Winnipeg Free Press - PRINT EDITION

Think Winnipeg's bad? This Winnipeg's Mo. bad

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IF you're searching for a summer vacation destination with a difference, you might consider this.

A road trip to Winnipeg.

No, no, no. I mean the other Winnipeg.

Travel editor Paul Pihichyn stumbled on it one day.

He was checking a travel Web site, looking for the distance between Winnipeg and somewhere else, when the words "Please clarify" popped up.

Followed by: "Winnipeg, Manitoba, Canada" or Winnipeg, Missouri, U.S.A.?"

Turns out that if you do a search on the same Web site you'll find eight other places named Toronto in the United States.

But there's only one other Winnipeg.

According to the Web site, to get to Winnipeg from Winnipeg, you drive straight south 1,945 kilometres.

Seventeen hours and 37 minutes later, you should reach Winnipeg Drive, a back road buried deep in the Ozarks, halfway between Kansas City to the west and St. Louis to the east.

Drive another 800 metres and there it is.

The other Winnipeg.

Of course, before you leave, you'll want to know more about Winnipeg, Mo.

So Your Humble Travel Agent phoned the Laclede County office, in Lebanon, Mo.

Lebanon is a town of about 12,000 folks in a county with a population of 32,000.

A woman who answered the phone in the county office referred me to a newspaper reporter at the Lebanon Daily Record, who referred me to a woman who wrote the history of Winnipeg, Mo.

Her name is Wanda Weaver.

Wanda Weaver is a widow who lives in Lebanon, now.

But that's not where her heart is.

"I'm 77," she said in her delightful "Masura" drawl. "I was born at Winnipeg. So were all my brothers and sisters. There were six of us."

Five of the six survive, four in Missouri and one in Georgia.

According to Wanda, the place was started in 1906 by a man named William C. Gibson who arrived from Canada. From Winnipeg, apparently, although there's some dispute about when and who built the store and post office.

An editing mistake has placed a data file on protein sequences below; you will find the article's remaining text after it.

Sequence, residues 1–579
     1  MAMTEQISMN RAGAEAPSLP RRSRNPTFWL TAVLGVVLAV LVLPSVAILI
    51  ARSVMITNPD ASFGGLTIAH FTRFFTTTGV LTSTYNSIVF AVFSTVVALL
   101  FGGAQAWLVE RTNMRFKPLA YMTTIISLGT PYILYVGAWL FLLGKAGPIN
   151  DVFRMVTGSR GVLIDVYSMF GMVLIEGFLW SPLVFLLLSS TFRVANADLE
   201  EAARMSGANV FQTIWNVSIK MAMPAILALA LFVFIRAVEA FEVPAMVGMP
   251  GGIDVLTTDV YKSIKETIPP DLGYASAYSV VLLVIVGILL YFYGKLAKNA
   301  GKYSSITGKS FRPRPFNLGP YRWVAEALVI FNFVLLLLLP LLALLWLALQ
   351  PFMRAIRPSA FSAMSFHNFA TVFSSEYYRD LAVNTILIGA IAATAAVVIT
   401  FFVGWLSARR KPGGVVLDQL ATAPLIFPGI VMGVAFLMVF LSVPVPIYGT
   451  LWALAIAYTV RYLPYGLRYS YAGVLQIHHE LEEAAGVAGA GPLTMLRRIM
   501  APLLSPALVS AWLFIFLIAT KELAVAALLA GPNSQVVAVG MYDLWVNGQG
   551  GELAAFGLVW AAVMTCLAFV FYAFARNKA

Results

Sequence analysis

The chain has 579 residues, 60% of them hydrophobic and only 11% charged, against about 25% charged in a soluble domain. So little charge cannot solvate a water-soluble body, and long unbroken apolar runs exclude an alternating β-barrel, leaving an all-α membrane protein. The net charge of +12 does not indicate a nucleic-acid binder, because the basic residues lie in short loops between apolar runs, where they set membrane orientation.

Another source says the postmaster was M.J. Dugan, and it was he who opened the post office in 1910. And since the post office needed a name, he called the place Winnipeg in honour of his old home town.

Why a man -- either man -- would move from the middle of nowhere Canada to build a store in the middle of nowhere U.S.A. remains a mystery.

Especially since Winnipeg, Canada, was in the midst of a population boom, growing from 50,000 in 1900 to about 270,000 by 1913.

By contrast, when the Americans entered the First World War in 1917, 21 men, age 21 and older, listed Winnipeg, Mo., as their postal address.

By 1927, two years after Wanda was born in a nearby house, Gibson sold his business to Arthur E. Lampkins, Wanda's father.

Soon after, according to the county history, Gibson moved back to Canada.

And Lampkins moved the store and post office -- and hence Winnipeg -- about one and a half miles southwest, where he and Wanda's grandfather and uncle operated a flour, feed and saw mill.

By the sounds of it, back then, Winnipeg was a one-family town that serviced the surrounding area.

"It was just a wide spot in the road," recalled Wanda.

There was the store and post office, a church and a cemetery.

"And then our house," Wanda said.

She had an aunt who had a house nearby, too, and Wanda's grandparents lived in "greater Winnipeg" with the rest of her aunts and uncles.

Apparently the store and post office was a busy place, while the business lasted.

But by 1954, the post office closed.

And so, effectively, did Winnipeg, Mo.

"There's really nothing left there now, hardly," Wanda said. "Just an old store building that's about to fall down. And a house they built over a spring that came out over a hill."

The church is still there, too, but it's not used. And, of course, there's the cemetery where Wanda's folks and grand folks are buried.

Wanda also said some newer people have built a couple of newer houses around there.

But Winnipeg is basically a tumbleweed waitin' for a good gust of wind.

Now you might be thinking that our one-and-only namesake sounds eerily like a ghost town. So what's the point of driving for 17 hours and 37 minutes?

Well, it's the only other Winnipeg in the world, for one.

This spring, the Lebanon Daily Record reported that a man who was born in Winnipeg, Mo., was buried in Winnipeg, Mo.

These days that's about the only time Winnipeg, Mo., gets a mention in the local paper.

In the obituaries.

Which reminds me of something a colleague said when he heard the story of the other Winnipeg.

"So you thought we had it bad in Winnipeg," he said. "Try going to Winnipeg."

Happy motoring, y'all.

gordon.sinclair@freepress.mb.ca

Republished from the Winnipeg Free Press print edition July 13, 2002 $sourceSection$sourcePage

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